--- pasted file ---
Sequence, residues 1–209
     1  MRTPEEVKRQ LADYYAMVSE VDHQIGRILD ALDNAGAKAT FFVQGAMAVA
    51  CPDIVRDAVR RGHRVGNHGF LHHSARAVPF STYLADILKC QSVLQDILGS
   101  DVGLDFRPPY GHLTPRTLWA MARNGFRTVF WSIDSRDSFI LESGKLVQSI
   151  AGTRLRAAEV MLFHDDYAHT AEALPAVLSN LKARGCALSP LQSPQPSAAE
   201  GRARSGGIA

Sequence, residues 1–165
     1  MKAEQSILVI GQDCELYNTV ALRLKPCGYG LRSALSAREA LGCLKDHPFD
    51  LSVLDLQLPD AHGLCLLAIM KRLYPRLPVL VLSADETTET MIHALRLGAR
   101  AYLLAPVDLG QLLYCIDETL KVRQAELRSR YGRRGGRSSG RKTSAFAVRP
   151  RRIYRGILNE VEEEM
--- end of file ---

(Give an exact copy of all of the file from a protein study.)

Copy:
Sequence, residues 1–209
     1  MRTPEEVKRQ LADYYAMVSE VDHQIGRILD ALDNAGAKAT FFVQGAMAVA
    51  CPDIVRDAVR RGHRVGNHGF LHHSARAVPF STYLADILKC QSVLQDILGS
   101  DVGLDFRPPY GHLTPRTLWA MARNGFRTVF WSIDSRDSFI LESGKLVQSI
   151  AGTRLRAAEV MLFHDDYAHT AEALPAVLSN LKARGCALSP LQSPQPSAAE
   201  GRARSGGIA

Sequence, residues 1–165
     1  MKAEQSILVI GQDCELYNTV ALRLKPCGYG LRSALSAREA LGCLKDHPFD
    51  LSVLDLQLPD AHGLCLLAIM KRLYPRLPVL VLSADETTET MIHALRLGAR
   101  AYLLAPVDLG QLLYCIDETL KVRQAELRSR YGRRGGRSSG RKTSAFAVRP
   151  RRIYRGILNE VEEEM